Films to see at Montréal's virtual Fantasia fest

Robyn Fadden

Robyn Fadden is a Montréal-based writer and editor who searches out city secrets, new bands, life-changing art and things to do with her perpetually active kid. Robyn has covered major events for HOUR, MUTEK, ARTINFO, CKUT 90.3FM and more.

Looking for something new and out of the ordinary to watch? The long-running Fantasia International Film Festival serves up a wild online program of films from around the world – accessible not only to everyone in Montréal but to everyone in Canada from August 20 to September 2. Watch all manner of genre films, from horror to quirky comedy, many with live intros by the filmmakers, plus join free events accessible to anyone anywhere.

Masters of cinema

Like most Montréal festivals this year, the 24th edition of the Fantasia International Film Festival was faced with how to move its program of film screenings and events into the virtual realm. A fan favourite since it inception in 1996, the festival quickly rallied support and is set to present hundreds of films, director Q&As and special events to an even bigger audience than ever before – you might even be among the lucky ones taking a masterclass in horror with director John Carpenter or watching a tribute to transgressive Brazilian filmmaker José Mojica Marins.

Wide worlds of genre film

Opening the festival and followed by a live Q&A with the director, Neil Marshall’s horror-thriller The Reckoning, set in England during the Great Plague in 1665, puts pandemics – and witch hunts – into perspective. Among other major films at this year's fest, Shinichiro Ueda's Special Actors pairs a fainting actor with a conspiracy and a cult, and Labyrinth of Cinema by Nobuhiko Obayashi (known best for 1977 horror film House) merges the surreal with a sense of hope, as three young men traverse a cinema's screen to enter crucial moments in Japan’s history.

South Korean director Kim Seung-woo's thriller Bring Me Home sees a nurse searching for her son and the danger she faces as she gets closer to finding him. Revenge and the tale of Little Red Riding Hood take an unexpected turn in Vincent Paronnaud's Hunted. Witchcraft rocks a devout rural community in Thomas Robert Lee’s nightmarish unsettling occult horror film The Curse of Audrey Earnshaw. On a secluded farm, evil emerges in waking nightmares in Bryan Bertino's unsettling The Dark and the Wicked. And Lars Damoiseaux makes his zombie gorefest Yummy as hilarious as it is frightening.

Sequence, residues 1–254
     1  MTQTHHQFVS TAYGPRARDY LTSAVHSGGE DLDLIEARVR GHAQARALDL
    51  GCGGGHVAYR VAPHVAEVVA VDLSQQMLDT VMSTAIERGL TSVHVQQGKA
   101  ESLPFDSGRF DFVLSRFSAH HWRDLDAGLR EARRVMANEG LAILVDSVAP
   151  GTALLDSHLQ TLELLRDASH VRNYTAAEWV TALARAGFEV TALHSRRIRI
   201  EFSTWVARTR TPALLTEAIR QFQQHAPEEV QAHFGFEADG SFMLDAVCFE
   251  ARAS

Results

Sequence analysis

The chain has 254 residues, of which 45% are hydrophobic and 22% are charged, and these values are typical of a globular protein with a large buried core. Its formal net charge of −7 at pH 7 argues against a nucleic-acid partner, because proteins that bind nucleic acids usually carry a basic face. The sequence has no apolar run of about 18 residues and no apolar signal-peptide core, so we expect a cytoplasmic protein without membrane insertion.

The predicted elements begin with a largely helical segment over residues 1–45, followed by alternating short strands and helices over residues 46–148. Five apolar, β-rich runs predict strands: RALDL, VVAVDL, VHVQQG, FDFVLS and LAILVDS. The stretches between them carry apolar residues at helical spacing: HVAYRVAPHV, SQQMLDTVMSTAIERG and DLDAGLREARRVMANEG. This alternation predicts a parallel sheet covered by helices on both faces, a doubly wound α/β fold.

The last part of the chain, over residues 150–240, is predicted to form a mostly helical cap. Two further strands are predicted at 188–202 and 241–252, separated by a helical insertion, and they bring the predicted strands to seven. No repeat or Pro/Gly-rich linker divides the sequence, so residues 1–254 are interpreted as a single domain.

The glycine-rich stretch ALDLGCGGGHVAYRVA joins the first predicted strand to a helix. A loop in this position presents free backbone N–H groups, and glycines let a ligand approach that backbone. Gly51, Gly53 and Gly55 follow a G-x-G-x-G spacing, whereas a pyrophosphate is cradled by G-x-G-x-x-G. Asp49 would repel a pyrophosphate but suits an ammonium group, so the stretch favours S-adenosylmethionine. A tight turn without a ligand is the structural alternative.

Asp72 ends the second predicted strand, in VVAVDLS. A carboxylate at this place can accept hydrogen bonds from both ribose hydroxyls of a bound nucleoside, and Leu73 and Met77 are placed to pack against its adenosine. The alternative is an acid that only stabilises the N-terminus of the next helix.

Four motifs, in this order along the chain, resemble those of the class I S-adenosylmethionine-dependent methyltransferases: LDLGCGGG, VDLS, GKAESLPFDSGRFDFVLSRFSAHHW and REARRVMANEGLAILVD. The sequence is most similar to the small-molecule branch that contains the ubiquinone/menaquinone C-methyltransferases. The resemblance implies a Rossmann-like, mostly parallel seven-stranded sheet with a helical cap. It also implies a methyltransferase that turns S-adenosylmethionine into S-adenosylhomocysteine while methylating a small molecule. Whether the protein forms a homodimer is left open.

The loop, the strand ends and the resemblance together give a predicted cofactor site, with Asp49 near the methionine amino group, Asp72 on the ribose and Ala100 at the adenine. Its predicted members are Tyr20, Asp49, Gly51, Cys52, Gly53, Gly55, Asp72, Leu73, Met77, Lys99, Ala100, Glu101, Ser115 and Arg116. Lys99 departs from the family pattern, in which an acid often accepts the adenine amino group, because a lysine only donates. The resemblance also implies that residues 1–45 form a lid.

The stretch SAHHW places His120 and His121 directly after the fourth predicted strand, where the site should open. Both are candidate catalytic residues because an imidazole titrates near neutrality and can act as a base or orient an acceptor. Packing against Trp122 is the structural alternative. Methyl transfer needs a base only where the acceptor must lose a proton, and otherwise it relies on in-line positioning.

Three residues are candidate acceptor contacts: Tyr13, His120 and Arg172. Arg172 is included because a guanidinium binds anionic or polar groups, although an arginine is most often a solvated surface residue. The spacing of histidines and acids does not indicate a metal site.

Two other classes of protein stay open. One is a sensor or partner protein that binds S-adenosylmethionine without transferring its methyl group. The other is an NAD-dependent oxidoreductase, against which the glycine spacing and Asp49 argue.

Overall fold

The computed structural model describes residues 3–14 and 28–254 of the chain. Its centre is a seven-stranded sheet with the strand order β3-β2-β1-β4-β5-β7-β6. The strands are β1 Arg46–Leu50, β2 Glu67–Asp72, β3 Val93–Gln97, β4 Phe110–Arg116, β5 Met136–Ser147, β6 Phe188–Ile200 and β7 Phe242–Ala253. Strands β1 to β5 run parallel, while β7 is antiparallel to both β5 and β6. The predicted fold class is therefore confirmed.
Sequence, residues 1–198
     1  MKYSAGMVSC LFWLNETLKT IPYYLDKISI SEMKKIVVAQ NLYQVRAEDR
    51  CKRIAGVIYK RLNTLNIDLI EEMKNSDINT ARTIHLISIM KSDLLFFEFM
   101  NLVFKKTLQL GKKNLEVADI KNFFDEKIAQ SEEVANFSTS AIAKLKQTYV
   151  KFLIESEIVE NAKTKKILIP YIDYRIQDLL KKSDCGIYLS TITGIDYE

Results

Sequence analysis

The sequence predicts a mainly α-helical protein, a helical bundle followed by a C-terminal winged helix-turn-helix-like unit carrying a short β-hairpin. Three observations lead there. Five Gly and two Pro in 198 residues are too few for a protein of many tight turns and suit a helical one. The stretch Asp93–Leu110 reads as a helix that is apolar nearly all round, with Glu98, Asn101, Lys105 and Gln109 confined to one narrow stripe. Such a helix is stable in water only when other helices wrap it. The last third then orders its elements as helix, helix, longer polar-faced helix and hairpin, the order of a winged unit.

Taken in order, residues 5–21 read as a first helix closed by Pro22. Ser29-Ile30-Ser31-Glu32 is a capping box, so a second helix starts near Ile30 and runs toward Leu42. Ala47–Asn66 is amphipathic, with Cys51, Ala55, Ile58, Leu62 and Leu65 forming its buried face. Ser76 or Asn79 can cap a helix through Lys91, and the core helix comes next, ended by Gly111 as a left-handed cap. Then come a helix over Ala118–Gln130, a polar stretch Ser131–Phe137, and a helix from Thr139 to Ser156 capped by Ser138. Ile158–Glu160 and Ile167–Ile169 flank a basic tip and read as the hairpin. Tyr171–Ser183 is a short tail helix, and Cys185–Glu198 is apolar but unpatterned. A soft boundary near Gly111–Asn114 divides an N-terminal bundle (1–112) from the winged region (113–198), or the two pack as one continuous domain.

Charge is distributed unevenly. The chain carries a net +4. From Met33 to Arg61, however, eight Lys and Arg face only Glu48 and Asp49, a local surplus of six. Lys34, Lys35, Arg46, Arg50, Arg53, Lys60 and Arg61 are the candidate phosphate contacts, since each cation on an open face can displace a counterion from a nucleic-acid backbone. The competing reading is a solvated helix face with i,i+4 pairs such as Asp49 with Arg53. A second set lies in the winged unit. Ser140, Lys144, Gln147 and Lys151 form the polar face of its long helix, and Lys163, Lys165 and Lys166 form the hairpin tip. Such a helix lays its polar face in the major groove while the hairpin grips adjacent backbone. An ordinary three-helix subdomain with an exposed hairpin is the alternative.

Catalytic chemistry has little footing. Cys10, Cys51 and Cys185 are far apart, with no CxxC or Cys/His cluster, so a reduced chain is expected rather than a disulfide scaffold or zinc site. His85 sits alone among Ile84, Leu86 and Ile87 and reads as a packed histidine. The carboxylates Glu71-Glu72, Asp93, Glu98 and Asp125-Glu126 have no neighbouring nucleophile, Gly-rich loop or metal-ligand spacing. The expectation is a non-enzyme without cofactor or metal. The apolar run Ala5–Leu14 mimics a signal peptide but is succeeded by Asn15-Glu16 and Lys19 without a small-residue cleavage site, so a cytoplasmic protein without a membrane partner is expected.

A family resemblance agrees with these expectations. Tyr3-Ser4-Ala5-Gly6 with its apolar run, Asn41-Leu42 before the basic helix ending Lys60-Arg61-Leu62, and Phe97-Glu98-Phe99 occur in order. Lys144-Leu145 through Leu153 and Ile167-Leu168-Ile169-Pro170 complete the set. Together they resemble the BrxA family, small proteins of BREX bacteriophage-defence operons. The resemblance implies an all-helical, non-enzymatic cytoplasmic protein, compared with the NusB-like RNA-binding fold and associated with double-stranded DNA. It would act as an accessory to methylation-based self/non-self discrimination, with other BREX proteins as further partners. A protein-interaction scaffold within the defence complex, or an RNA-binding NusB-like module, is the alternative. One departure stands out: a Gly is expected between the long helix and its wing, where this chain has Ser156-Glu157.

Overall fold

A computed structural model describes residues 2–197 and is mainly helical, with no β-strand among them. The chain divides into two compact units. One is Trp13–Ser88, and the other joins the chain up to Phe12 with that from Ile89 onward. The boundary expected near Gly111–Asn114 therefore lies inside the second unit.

Action, drama and the undefinable

Beyond the realms of horror, Fantasia specializes in much-anticipated international action films, like this year's Crazy Samurai Musashi by Japanese director Yuji Shimomura (a 77-minute one-shot action sequence), Makoto Tezuka's bizarre and jazzy manga adaptation Tezuka’s Barbara, Hong Kong crime drama Fung Chih-Chiang’s A Witness Out of the Blue and Chinese box-office hit thriller Sheep Without a Shepherd.

Bao Tran's Paper Tigers mixes major martial arts action with a story about the importance of friendship. Or switch the action up with heartfelt wrestling films with New Zealand director Kiel McNaughton’s The Legend Of Baron To’a, about a Tongan man's pursuit of his father’s stolen championship belt, and documentary You Cannot Kill David Arquette, following three years of the actor's controversial return to pro wrestling. Also catch Arquette (and wrestler Mick Foley!) in Brea Grant's hospital-set comedy-thriller 12 Hour Shift.

International comedy gold

The festival also stands out for introducing audiences to quirky comedies too. Taiwanese director Liao Ming-yi's iPhone-shot i WEiRDO sees two recluses with OCD emerge to find love. In Zoé Wittock's Jumbo a socially awkward woman (played by Noémie Merlant) falls in love with an amusement park ride. Music, manga and anime warm hearts in Yuichi Fukuda's Love Is Hard For Otaku. Polish director Daria Woszek’s Marygoround is a touching dark comedy about the importance of finding yourself at any age, while Johnnie To's Chasing Dream blends mixed-martial arts with musical comedy.

Otherworldly fantasy meets dark humour in the tales of Chino Moya’s Undergods. Canadian director Elza Kephart's SLAXX tells the story of a possessed pair of jeans brought to life to punish a trendy clothing company – part of the program Fantastiques week-ends du cinéma québécois, featuring over 70 short films and six features by Québécois creators. Topping that off, Fantasia unleashes Lloyd Kaufman/Troma's wonderfully strange #ShakespearesShitstorm (Shakespeare’s The Tempest set in America’s opioid crisis), Estonian stop-motion animation comedy of The Old Man Movie, Ryan Kruger’s psychedelic Cape Town road movie Fried Barry and city-levelling monster comedy Monster Seafood Wars.

For details on these and many, many more films (including Fantasia Classics, favourites from past festival editions, and the My First Fantasia animated family program), plus screening times and free virtual events, see Fantasia's 2020 lineup and Facebook events.

Robyn Fadden

Robyn Fadden is a Montréal-based writer and editor who searches out city secrets, new bands, life-changing art and things to do with her perpetually active kid. Robyn has covered major events for HOUR, MUTEK, ARTINFO, CKUT 90.3FM and more.

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